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SHALLOTTE—Firefighters have moved into the town’s long-awaited new fire station—a modern facility far removed from the old one-room station that held the growing fire department for nearly 40 years.
Last Tuesday evening, the firefighters celebrated their new $1.2 million facility with a traditional “wetting-down,” a ceremony borrowed from historic U.S. and British naval tradition. Today, firefighters across the nation use a wetting-down, once used to commission new naval officers, to welcome newly commissioned apparatus and facilities, explained Shallotte Fire Chief Paul Dunwell.
Tuesday’s ceremony began with Dunwell dedicating the station with a flag and transferring the former station’s U.S. flag to the new facility, where it will fly for 21 days.
Firefighters then moved the fire engines from the old location to the new station next door on Wall Street and discharged their water tanks onto the new building.
Once each fire hose was emptied, the firefighters gathered to push both vehicles into the bays where they will be housed.
“This is our heritage and a rite of passage that is preserved by firefighter tradition,” Dunwell said.
He said the new facility meets the needs of the growing department more than the old one.
Being in the old building “was a real interesting experience,” the chief said. “It was tight and very confining. Between myself and the fire marshal, we were sharing space, and it quickly became apparent that we were running out of space.”
The most inconvenient part, however, is that he and the fire marshal were separate from the rest of the department.
“We adapted, but now that we’re here, it’s going to be a whole lot more efficient.”
The firefighters now have a separate dayroom complete with kitchen, sleeping quarters, a small workout room, a laundry room, a decontamination room, offices for Dunwell and fire marshal Andy Thompson and larger bays for the fire engines.
“Everything is up to code. Their safety is paramount,” Dunwell said of the firefighters.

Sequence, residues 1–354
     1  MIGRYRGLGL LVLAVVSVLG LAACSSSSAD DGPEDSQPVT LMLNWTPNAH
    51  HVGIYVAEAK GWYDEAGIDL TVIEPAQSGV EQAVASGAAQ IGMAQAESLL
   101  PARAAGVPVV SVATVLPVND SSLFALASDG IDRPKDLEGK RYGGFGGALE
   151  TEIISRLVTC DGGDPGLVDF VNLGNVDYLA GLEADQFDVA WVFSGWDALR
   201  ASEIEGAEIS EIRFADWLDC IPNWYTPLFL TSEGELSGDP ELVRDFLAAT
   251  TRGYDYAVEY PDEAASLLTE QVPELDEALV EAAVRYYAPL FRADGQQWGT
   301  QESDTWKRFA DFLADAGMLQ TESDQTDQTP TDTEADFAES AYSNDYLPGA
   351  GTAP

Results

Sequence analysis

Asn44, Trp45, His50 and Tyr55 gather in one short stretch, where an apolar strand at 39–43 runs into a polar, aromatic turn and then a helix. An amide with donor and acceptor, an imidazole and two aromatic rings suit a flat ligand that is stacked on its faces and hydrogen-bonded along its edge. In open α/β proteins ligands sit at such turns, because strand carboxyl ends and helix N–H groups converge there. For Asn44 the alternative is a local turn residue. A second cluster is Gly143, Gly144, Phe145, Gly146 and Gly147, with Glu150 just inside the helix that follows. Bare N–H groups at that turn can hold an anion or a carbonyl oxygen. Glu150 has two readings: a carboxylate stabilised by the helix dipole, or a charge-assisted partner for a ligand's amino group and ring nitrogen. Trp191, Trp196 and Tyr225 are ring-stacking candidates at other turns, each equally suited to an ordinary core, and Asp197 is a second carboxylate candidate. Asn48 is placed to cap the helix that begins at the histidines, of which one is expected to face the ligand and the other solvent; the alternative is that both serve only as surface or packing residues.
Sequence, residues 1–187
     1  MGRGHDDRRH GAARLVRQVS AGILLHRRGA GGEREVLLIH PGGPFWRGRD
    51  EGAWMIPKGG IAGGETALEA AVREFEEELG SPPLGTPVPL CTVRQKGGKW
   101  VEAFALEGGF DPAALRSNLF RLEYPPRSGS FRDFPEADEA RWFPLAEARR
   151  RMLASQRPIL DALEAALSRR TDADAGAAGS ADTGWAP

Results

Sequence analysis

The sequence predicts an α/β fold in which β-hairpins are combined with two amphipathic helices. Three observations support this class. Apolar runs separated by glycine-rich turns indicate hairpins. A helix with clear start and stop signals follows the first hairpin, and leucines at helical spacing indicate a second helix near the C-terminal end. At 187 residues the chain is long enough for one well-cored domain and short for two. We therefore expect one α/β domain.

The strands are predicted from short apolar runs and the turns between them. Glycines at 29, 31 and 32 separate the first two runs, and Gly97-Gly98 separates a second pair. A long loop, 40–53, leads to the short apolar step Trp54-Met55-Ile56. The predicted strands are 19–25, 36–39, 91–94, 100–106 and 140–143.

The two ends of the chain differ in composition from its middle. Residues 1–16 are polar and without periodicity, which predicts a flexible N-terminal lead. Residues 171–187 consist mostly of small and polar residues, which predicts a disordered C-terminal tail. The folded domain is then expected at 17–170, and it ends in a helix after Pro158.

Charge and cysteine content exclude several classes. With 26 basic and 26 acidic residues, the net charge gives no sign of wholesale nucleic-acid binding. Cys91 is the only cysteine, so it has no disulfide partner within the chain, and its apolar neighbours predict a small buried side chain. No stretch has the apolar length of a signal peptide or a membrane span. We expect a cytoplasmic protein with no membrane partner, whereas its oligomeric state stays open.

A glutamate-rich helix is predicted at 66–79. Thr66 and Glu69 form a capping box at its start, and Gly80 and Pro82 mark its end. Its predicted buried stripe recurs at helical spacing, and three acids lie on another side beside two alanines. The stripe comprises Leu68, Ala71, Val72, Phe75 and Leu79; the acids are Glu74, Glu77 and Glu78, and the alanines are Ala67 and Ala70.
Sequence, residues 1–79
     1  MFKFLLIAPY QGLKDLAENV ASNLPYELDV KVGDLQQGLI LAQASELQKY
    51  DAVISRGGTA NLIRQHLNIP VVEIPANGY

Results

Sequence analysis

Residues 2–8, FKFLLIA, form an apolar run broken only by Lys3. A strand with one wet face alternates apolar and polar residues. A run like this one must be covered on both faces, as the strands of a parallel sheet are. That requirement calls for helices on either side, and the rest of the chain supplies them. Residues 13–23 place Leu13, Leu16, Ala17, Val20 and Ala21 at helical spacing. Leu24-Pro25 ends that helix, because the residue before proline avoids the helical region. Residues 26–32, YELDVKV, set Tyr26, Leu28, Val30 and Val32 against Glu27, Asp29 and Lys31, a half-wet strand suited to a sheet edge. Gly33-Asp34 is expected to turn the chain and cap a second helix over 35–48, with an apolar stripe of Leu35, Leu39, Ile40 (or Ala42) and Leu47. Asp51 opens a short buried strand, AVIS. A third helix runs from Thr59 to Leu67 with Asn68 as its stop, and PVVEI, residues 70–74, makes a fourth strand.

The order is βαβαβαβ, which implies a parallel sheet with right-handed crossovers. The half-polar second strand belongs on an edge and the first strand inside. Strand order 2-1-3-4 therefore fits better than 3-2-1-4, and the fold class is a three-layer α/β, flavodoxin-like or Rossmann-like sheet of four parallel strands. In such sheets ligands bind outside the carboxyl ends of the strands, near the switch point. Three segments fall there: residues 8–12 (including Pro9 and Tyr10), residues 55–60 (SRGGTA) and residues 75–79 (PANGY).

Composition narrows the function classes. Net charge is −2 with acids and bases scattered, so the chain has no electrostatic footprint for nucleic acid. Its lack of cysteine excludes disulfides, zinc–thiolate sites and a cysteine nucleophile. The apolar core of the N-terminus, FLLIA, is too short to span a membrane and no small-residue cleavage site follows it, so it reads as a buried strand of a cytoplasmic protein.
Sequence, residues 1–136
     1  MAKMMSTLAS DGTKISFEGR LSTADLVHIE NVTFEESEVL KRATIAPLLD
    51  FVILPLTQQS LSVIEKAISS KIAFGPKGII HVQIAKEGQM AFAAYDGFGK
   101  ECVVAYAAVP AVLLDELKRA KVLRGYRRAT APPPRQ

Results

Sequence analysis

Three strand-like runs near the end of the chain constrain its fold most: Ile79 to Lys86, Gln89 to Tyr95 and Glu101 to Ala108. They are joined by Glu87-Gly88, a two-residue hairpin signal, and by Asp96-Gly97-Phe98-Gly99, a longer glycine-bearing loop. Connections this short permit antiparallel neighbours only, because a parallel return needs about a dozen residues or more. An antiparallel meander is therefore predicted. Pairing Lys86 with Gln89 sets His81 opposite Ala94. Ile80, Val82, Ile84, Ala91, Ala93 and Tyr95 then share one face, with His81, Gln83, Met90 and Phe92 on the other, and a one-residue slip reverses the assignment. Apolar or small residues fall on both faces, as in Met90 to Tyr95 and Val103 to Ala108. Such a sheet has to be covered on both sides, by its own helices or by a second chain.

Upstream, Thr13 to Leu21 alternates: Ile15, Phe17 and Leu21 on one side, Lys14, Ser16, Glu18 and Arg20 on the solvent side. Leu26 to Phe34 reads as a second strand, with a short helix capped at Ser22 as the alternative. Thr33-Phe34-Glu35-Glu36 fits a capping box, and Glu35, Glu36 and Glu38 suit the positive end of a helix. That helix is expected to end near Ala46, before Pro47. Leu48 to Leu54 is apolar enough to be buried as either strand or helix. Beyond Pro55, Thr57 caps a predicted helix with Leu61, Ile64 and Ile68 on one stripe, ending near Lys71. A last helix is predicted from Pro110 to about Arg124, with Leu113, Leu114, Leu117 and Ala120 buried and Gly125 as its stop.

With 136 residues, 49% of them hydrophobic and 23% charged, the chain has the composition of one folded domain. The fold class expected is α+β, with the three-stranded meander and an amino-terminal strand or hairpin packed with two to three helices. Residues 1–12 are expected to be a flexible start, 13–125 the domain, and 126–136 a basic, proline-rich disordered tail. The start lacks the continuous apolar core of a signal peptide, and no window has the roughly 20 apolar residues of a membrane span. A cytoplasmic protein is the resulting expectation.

“The biggest convenience is I’m now with the crew—we’re all in the same building,” he said.
Dunwell requires firefighters to have 30 minutes of physical activity each day, and the exercise room provides them a place to do that when they’re at the station.
Shallotte Mayor Gerald Long said recently the new fire station would also allow faster response.
“The living quarters allow them to spend the night at the station,” Long said.
The station assigns three firefighters to each shift.
“Everybody we need will be on call at the department and will not have to come from home to the fire station, which will benefit everybody in town.”
Long said in the six and a half years he’s been mayor, a new fire station is “something we have been planning to do from day one.”
“It was a whole lot more expensive to do than we had been told. It was certainly a disappointment that it cost as much as it did.”
The building cost about $1.2 million, while the original estimate several years ago was between $650,000 and $700,000.
The new facility might also improve the department’s state insurance rating, which sets the fire insurance rates for homes and businesses in the fire district. The better the rating, the lower the rates.
“There’s a very good possibility of improving the rating,” said Dunwell. “And it’s a very good model for expansion.”
“It’s a small station, but there’s a lot packed into a small box.”